When an individual fails to reflect a homogenized ideal there is a risk of being denied access to one’s own cultural groups and knowledge systems. When critiquing ethnic absolutism, Gilroy introduces the concept of cultural insiderism as hinging on ideals of national purity and enforced by preservative tendencies, “Here the ideas of nation, nationality, national belonging, and nationalism are paramount. They are extensively supported by a clutch of rhetorical strategies that can be named ‘cultural insiderism.’"[4] Continued use of colonizer tools like “blood quantum” with the intention of gatekeeping or preserving racial purity can come from a place of survival and preservation of one’s own people. But weaponizing heritage only furthers the colonizer project: to remove Native people and to make room for White settlers and Black labourers. Reinforcing a binary conception of race that insists Mixed and Brown people “pick a side” when neither describes the complexity of that person’s lived experience is a disservice to that individual and all the cultural groups that have a stake in that person’s self-presentation.


The fault lies in relying on a conception of identity that grants access based on visibility, the same method used by colonizers to decide who ought to perform labour and who gets to profit off that labour. It perpetuates prejudices based on the darkness of one’s skin and continues to make invisible identities that the oppressor would have the public believe no longer exist. Both the actions of picking-out and erasure seek to disenfranchise those that could jeopardize the colonial-capitalist project—a project that is further reinforced by nationalist organization. Gilroy’s re-imagining of Martin Delany’s novel, Blake, as a pluralist portrait of the Black man first contends with Delany’s glorification of Western modernity and his dismissal of indigenous African societies as uncivilized. This is yet another example of using the master’s tools against one’s own in a misguided attempt to unify and further all Black people. If a Black nationalistic ideal excludes any of its own it fails to serve those it claims to serve. To exclude any indigenous persons from efforts to unify the oppressed in the fight against White supremacy fails by the very terms in which the national identity is conceived.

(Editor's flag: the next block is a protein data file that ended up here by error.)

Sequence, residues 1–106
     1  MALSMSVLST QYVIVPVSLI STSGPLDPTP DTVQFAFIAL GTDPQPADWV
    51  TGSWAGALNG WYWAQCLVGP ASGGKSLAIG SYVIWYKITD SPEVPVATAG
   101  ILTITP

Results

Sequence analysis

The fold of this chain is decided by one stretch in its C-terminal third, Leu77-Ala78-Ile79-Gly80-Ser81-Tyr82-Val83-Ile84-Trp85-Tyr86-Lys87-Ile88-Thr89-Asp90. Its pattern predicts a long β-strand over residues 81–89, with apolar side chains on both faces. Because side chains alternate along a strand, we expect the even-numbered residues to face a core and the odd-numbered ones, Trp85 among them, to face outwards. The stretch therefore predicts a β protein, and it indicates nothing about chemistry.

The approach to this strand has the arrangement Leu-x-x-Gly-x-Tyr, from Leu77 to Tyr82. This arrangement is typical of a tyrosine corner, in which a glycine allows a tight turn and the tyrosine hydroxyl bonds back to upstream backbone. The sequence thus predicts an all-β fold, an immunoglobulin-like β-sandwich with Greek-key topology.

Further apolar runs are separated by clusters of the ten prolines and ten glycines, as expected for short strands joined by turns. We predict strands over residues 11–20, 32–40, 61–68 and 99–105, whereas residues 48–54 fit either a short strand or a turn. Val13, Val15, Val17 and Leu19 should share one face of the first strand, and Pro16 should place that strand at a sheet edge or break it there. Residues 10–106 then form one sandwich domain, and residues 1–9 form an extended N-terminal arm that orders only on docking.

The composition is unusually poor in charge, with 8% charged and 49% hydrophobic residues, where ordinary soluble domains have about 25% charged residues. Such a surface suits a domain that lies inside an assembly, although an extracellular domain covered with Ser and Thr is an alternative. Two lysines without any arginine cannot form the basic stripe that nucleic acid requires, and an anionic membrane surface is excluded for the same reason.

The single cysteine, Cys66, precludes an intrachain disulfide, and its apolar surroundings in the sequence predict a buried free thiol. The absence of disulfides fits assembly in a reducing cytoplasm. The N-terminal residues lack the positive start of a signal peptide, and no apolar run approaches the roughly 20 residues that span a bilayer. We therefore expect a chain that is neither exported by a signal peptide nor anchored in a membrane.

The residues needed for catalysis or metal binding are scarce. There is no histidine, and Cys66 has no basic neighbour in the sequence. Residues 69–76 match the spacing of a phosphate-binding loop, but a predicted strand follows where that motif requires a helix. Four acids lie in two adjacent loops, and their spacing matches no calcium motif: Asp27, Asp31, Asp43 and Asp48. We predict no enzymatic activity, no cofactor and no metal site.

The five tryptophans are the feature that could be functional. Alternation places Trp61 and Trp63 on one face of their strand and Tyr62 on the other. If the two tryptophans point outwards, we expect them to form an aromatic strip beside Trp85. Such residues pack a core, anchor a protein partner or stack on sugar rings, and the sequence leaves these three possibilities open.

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[3] Krista Thompson, A Sidelong Glance: The Practice of African Diaspora Art History in the United States (Art Journal, 2011), 13

[4] Paul Gilroy, The Black Atlantic, (Harvard University Press, 1993), 3


Bibliography

Gilroy, Paul, The Black Atlantic: Modernity and Double Consciousness, Harvard University Press, 1993.

Brathwaite, Kamau, History of The Voice: The Development of Nation Language in Anglophone Caribbean Poetry, New Beacon Books, 1984.

Thompson, Krista, “A Sidelong Glance: The Practice of African Diaspora Art History in the United States,” Art Journal, (Fall 2011).

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© 2023 by Sophia Pierre